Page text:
By: Mir M.Hosseini
During Alexander's conquest of Persia, all copies of the holy book Avesta was burned, and the scientific sections that the Greeks could use were dispersed among themselves. Under the reign of King Valax of the Arsacid Dynasty, an attempt was made to restore the Avesta but Hellenism was practiced despite Iranians' tendency towards monotheism.
During the Sassanid Empire, Ardeshir 1st ordered Tansar, his high priest, to finish the work that King Valax had started. On Dec, 21, 233, the day after Yalda celebrations Ardeshir announced Zoroastrianism as the official state religion of Iran. He ordered Zoroastrian Fire Temples to be revived. Ardeshir thus established a strong political centralization and organized state sponsorship of Zoroastrianism.
Zoroastrianism had existed in the Parthian Empire and according to tradition—its sacred literature had been collated during that era. Similarly, the Sassanids traced their heritage to the Temple of Anahita at Staxr, where Ardeshir's grandfather had been a dignitary. Under Ardeshir however, Zoroastrianism was promoted and regulated by the state, one based on the ideological principle of divinely granted and indisputable authority. The Sassanian Dynasty built fire temples and, under royal direction, an orthodox version of the Avesta was compiled by Tansar, and it was during the early period that the texts as they exist today were written down (until then they had been orally transmitted).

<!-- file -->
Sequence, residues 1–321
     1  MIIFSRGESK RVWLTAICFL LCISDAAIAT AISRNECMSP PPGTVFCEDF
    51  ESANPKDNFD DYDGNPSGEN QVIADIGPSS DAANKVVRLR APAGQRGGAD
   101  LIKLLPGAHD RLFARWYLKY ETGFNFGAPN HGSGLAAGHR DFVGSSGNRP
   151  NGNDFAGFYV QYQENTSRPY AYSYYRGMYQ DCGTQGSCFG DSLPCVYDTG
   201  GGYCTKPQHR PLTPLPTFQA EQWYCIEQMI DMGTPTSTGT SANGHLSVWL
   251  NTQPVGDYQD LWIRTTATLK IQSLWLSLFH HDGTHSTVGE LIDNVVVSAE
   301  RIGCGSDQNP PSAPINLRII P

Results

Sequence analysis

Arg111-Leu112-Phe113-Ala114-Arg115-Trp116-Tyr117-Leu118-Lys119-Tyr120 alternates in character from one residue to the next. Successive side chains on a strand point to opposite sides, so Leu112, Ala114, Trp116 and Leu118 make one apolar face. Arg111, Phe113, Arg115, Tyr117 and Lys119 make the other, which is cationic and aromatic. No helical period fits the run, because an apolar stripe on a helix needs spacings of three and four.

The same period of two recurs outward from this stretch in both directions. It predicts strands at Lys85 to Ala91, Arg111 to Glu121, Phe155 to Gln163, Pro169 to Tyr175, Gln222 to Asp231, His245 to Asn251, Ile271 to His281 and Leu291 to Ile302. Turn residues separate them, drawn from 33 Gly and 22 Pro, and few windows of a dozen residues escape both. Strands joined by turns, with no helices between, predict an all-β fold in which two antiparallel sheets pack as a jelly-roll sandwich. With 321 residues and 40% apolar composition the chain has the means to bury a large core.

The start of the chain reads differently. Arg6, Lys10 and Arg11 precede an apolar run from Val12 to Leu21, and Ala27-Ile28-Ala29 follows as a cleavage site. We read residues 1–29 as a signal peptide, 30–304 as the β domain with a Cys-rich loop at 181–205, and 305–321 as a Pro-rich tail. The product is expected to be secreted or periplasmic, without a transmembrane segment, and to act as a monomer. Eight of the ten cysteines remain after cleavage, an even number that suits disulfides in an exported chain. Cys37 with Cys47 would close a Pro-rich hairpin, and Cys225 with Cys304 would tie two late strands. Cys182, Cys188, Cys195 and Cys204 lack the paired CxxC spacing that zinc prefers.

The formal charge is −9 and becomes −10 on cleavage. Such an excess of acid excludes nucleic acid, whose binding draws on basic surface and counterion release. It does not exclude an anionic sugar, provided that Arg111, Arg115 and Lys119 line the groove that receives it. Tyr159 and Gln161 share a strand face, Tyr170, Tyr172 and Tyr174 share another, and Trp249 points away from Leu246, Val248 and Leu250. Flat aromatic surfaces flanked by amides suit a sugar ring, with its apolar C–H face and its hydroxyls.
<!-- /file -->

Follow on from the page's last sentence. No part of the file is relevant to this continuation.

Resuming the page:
During the reign of his son Shapour 1st, priests were sent to locate the scientific text portions of the Avesta that were in the possession of the Greeks. Under Shapour 2nd, Azarbad Mahrespandan revised the canon to ensure its orthodox character, while under Khosrau 1st, the Avesta was translated into Pahlavi.
Zoroastrianism was marginalized by Islam from the 7th century onwards with the decline of the Sassanid Empire. In time, a tradition evolved by which Islam was made to appear as a partly Iranian religion. One example of this was that Imam Hossein the son of the fourth caliph Imam Ali and grandson of Prophet Mohammad had married a captive Sassanid princess named Shahrbanou who was said to have borne Hossein a son, the historical fourth Shia Imam, who claimed that the caliphate rightly belonged to him and his descendants, and that the Umayyad had wrongfully wrested it from him. The alleged descent from the Sassanid house counterbalanced the Arab nationalism of the Umayyad, and the Iranian national association with a Zoroastrian past was disarmed.
Today the Iranian constitution states that Islam is the official state religion, and the doctrine followed is that of Jafari (Twelver) Shiism. The constitution provides that "other Islamic denominations are to be accorded full respect," while the country's pre-Islamic religious groups -- Zoroastrians, Christians, and Jews -- are recognized as "protected" religious minorities.